If your child wants video games this holiday, and you don’t know what to pick up for the little nerd or nerdette, here is my age-rated guide to games your child will be excited to find stuffed in their stockings or under the Festivus pole.
Games for the whole family
Just Dance 2020
Trust me: Everyone in your family will dig Just Dance 2020, from tiny children to Nana and Opa. Getting together and showing off your moves is just good clean fun, no matter how old you are. Just Dance 2020 takes no controller skills, allows for group play, encourages exercise, and is endlessly fun. There’s even a kid-friendly mode with easier choreography so the wee ones can rock out to “Baby Shark.”
Just Dance 2020 doesn’t require a Kinect or PlayStation Move (you can use your phone instead) and you can even buy a copy for your Nintendo Wii. It’s a perfect holiday game!
Madden NFL 20
Controversial opinion: Madden NFL 20 is a great family game. The content is appropriate for any age, the sporty jock type in your clan can play it and not feel nerdy, poindexter types can appreciate the intricate strategies and deep gameplay, and even little kids can manage to win a game if you simplify some settings and give them a real team against the Bengals.
Even non-sporty and non-gaming Mums and Pops will love it, if only because it will get everyone out of your hair for an hour or two. John Madden football games have been around since the Apple II version released in 1988, and it’s pretty much the same, solid game with a few new features every year. You can count on Madden, and isn’t that what the holidays are about?
Games for ages 6 to 10
Cat Quest II
This delightful open-world RPG tells a quirky story of heroism, honour and sacrifice in a world of cats and dogs. In Cat Quest II, you can play as either a cat or a dog and explore a seemingly endless landscape of towns, dungeons and caverns on your quest to bring peace to the animal world (and find a decent scratching post).
All the elements of a “serious” RPG are here, but the humour and pet puns add fun and the lack of blood and guts make this safe for little ones. Plus: The game’s text-based conversation will secretly encourage reading. You can play co-op as well, so if you’re a gaming parent, that means hours of fun and bonding.
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Pokemon Sword and Shield
Kids have been fascinated by the world of Pokémon since way back in the mid-1990s, and the magic continues with these Nintendo Switch games. The gameplay and content should be familiar to anyone who has ever played a Pokémon game; it’s definitely a case of “It isn’t broke, so why fix it?” But that’s what you want from a Pokémon game, right? You want to go around collecting little monsters, training and raising them, then battling other trainers for dominance, and Pokémon Sword and Shield give it to you hard.
Games for ages 10 to 13
Untitled Goose Game
This gentle little downloadable game and its mischievous anti-hero have taken the gaming world by storm since it was released a few months ago, outselling tons of “hardcore” games and proving that violence and darkness are not required for successful games.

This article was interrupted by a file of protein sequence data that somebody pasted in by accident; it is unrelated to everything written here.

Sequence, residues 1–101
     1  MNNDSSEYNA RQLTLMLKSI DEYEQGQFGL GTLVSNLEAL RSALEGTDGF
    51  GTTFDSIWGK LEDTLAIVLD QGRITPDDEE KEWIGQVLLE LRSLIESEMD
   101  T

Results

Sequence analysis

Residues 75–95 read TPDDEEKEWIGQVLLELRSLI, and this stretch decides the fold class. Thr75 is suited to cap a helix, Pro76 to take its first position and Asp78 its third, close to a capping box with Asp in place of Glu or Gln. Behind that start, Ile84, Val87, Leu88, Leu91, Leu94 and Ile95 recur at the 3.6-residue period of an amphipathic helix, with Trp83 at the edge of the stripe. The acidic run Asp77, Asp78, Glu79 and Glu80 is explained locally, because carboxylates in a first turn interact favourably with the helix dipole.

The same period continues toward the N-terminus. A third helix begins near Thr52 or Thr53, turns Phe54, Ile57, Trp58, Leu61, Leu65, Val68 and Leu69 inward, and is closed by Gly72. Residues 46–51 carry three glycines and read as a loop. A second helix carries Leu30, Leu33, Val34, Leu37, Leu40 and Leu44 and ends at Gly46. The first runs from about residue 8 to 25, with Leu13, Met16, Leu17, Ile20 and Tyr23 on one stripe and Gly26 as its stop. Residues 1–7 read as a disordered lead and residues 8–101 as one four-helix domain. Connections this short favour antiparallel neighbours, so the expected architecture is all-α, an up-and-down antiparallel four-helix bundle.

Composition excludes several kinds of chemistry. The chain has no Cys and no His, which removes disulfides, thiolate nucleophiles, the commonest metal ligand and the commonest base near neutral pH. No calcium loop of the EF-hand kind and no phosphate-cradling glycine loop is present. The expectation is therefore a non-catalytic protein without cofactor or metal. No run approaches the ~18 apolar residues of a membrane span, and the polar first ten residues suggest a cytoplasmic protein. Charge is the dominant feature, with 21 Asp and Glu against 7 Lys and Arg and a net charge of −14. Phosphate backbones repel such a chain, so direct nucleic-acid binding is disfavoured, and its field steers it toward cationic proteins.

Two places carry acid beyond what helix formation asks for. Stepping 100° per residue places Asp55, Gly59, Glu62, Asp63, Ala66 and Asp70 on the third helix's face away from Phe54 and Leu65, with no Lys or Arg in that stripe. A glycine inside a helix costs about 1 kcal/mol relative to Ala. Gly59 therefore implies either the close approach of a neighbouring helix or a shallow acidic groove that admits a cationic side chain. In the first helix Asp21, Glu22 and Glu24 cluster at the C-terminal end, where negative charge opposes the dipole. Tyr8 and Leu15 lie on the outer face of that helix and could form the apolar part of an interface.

Kids love the Goose Game’s concept: An adorable birdie stirs up mayhem in a quiet British town, and the stealth gameplay and puzzles are sophisticated enough for any player. While the content is safe for all ages, the challenges are a bit too complicated for little kids, so this is the perfect game for them to “help” their older brothers and sisters play.
Plants Vs. Zombies: Battle for Neighborville
First-person shooting games are usually violent and often disturbing to parents, but kids love them because they’re super fun. What’s the middle ground for older children? Plants Vs. Zombies: Battle for Neighborville! This online multiplayer shooter has the strategy and excitement of something like Counterstrike without the bloodshed. Instead of a soldier’s head exploding into red mist from a perfectly placed shot, you get crazy combat between plants and the undead presented with cartoonish visuals and sounds.
Neighborville looks like bright, silly chaos on the surface, but the complex and strategic squad-based PvP gameplay at its core and the competition from other kids online will ensure many hours of fun.
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Games for ages 14 to 16
Star Wars Jedi: Fallen Order
Everyone loves Star Wars, and now there’s a video game that lives up to the greatness of the films. (Took long enough!) This single-player action game lets you play as a Jedi Cal Kestis, who begins as a young Padawan and learns the ways of The Force through a series of galaxy-sized adventures.
Praised by gamers and reviewers alike for its innovative lightsaber combat system and sweeping, cinematic story, Star Wars Jedi: Fallen Order is the perfect game for older kids.
Need for Speed: Heat
Other racing game franchises might have more realistic physics or a greater selection of cars to choose from, but for young teens, nothing beats the cops-and-robbers action of Need for Speed: Heat.
This newest entry in the series is set in a huge open world where you can build your rep by competing in both legal and illegal races, run from the cops or just tool around all day in a pimped-out whip. Yeah, it glamorizes law-breaking, but every 13-year-old dreams of being an outlaw, and you don’t think he or she would really steal your car and commit thousands of vehicular felonies on a speed-fuelled joyride, right?
Games for older kids
A gift card
Once your child is in their later teenage years, you should just get them a gift card. I know you want to surprise them and cards can seem impersonal, but unless you know the specific title they want, you’re going to get it wrong and they’ll end up pretending to be excited about Lee Carvino’s Putting Challenge when all they wanted was Bonestorm.